3. Federal deficits are heading for a crisis. Our elected leaders should make it clear that the checks they will be mailing are not really grants; in the long run they are loans. In essence, we are mailing checks to ourselves: The government is providing liquidity now that ultimately will need to be paid back through higher taxes unless we want to assume that the national debt will never be reduced. In fact, it’s time to recognize that deficit spending itself is a loan from future generations to the current one. Once this crisis has passed, there needs to be a bipartisan consensus to raise taxes and cut spending (while increasing true public investment). We need to commit to moving the budget from deficit to surplus over a period of a less than 10 years and then run surpluses to significantly reduce the national debt-to-GDP ratio.
  4. Soaring deficits + reduced public investment = Chinese competitive advantage. There is a strong chance that, even with a $2 trillion stimulus, the U.S. economy will suffer a moderate recession at minimum, and possibly a double-dip recession if we have to keep social distancing next fall and winter before a vaccine is developed. This will mean that the deficit grows not just by $2 trillion, but by perhaps more than $3 trillion. Unfortunately, given the unwillingness of most American voters to have their taxes raised or government spending cut, especially on entitlements—not to mention the unwillingness of most Republicans to raise taxes, and Democrats to cut spending—the deficit will continue to soar. And the pressure on public investment, including funding for infrastructure, R&D, and a robust national industrial strategy to counter China, will be intense. As a result, absent needed federal investments to win the race for global innovation advantage, we need to face the real possibility of continued U.S. decline in advanced-technology industries, with China gaining absolute advantage much sooner than even the most pessimistic observers expected.
  5. China trade decoupling will rise, but could go badly off track. Before COVID-19, there was modest but increasing decoupling of U.S. production from China, in part due the trade war. But now, with the growing realization of the U.S. dependency on China for key inputs, including for medical uses (masks, drugs, etc.)—made worse by the Chinese government’s massive strategic mistake telling U.S. companies making masks in China that they cannot export them to the United States—there will likely be a strong U.S. push to move significant strategically important production out of China and back to the United States, and possibly to even reduce sales to China. The risk is that such a move will go too far, leading the United States to decouple more than it should and having it act unilaterally, not in coordination with other nations, which will cut off U.S. firms from the growing Chinese market.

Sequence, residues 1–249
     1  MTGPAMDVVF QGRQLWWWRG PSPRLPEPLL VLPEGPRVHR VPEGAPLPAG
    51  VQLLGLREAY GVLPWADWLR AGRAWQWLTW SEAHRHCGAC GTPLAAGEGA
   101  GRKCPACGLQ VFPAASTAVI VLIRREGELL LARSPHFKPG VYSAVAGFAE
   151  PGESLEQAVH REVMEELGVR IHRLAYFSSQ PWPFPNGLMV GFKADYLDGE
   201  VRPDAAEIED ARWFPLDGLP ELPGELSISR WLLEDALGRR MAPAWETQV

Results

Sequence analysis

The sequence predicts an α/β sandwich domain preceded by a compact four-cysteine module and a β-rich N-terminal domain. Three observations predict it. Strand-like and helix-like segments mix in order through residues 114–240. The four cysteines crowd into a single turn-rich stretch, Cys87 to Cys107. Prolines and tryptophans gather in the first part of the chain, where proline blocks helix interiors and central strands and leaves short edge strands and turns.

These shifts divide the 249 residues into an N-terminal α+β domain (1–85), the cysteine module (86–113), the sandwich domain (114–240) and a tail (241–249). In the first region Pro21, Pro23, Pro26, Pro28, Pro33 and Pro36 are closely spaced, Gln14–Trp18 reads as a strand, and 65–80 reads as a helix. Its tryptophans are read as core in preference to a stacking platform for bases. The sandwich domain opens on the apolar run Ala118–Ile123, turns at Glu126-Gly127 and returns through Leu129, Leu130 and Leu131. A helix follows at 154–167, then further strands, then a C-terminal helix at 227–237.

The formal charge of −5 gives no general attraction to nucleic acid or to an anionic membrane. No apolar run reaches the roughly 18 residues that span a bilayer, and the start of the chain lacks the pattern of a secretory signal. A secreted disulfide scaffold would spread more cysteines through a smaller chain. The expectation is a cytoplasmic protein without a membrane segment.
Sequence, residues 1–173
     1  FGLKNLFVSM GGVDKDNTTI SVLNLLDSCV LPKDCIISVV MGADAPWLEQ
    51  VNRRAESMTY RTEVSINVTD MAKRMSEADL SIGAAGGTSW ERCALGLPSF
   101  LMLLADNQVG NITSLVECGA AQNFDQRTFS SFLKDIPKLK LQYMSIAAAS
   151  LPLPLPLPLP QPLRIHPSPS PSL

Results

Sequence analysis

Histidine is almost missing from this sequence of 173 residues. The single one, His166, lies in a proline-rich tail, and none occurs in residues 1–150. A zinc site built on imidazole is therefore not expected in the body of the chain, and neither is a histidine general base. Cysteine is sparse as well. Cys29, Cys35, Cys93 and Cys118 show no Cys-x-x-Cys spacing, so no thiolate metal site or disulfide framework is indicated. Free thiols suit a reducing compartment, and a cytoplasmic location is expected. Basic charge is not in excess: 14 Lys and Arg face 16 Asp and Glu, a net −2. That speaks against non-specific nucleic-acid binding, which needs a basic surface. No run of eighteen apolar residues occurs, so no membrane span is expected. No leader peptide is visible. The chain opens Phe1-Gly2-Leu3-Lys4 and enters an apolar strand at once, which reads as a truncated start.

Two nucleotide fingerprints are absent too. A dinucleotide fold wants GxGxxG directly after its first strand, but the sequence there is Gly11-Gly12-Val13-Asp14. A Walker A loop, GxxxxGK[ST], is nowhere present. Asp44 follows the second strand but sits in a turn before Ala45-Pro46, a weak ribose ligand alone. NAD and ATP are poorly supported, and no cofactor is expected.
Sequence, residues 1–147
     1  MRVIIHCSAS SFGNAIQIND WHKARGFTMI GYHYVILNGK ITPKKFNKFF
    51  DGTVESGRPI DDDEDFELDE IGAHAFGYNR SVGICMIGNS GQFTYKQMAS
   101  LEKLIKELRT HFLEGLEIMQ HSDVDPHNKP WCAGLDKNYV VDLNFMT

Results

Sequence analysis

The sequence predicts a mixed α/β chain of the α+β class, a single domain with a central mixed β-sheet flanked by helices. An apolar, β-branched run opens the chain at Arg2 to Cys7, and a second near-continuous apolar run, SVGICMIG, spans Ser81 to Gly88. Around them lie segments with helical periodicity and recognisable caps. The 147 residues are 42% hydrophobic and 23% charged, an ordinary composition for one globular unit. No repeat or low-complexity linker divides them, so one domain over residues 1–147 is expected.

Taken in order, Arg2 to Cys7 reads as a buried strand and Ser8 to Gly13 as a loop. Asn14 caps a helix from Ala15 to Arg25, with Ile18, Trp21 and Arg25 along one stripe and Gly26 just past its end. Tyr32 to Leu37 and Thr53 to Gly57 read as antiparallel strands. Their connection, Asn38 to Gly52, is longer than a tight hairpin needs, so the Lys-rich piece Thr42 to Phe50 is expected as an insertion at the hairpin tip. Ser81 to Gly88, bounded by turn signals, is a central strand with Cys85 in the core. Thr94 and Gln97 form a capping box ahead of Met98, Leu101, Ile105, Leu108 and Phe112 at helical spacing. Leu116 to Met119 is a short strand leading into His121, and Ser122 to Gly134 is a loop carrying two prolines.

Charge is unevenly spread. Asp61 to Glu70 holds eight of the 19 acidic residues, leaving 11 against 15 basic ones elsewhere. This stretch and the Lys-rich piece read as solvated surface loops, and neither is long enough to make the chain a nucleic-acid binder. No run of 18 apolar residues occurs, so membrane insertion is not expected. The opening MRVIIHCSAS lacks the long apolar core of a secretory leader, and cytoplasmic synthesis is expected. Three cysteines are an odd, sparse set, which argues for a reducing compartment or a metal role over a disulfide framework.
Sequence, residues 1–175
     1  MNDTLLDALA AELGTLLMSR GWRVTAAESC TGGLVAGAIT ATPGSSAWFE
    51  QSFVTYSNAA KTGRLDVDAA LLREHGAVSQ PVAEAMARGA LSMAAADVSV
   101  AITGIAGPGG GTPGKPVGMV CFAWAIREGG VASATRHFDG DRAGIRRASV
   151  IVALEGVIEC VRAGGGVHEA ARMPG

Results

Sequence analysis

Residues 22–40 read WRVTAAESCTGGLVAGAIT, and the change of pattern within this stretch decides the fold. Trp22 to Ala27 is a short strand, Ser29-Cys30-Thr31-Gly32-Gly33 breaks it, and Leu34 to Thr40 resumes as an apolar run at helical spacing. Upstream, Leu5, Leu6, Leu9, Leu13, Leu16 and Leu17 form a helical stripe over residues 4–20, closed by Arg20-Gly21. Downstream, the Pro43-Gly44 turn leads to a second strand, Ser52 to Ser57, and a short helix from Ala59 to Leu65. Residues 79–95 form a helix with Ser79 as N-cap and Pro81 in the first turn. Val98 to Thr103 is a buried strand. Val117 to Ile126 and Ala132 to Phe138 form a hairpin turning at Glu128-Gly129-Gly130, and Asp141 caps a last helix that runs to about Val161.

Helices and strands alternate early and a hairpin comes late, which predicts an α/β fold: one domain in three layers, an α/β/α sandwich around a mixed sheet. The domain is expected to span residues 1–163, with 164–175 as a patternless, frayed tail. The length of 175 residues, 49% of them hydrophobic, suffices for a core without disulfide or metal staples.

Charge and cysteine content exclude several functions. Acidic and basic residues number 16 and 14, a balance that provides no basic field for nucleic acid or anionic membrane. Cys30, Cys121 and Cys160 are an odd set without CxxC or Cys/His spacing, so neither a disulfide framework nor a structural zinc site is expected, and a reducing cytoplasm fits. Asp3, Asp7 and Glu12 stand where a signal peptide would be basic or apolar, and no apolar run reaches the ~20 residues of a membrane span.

6. The country needs to be better prepared digitally. If there is one possible bright side to the crisis, it is that it is happening now, not a decade ago, when U.S. digital networks and systems were not as good or robust. Millions of people today can work at home on fast broadband networks. People can get their entertainment and news online. They can stay in touch with their friends using Internet platforms. But the crisis also shows how much more is still left to do. Too many government websites are not in the cloud and are not mobile-friendly. Too many low-income households don’t have computing devices and can’t afford broadband. We don’t have national legislation that enables telehealth services to be delivered across state borders. We don’t have widespread use of digital IDs that allow people to sign documents remotely. And so much more. For years, ITIF has argued for policies to enable all this and more. The crisis should be a wakeup call to get moving.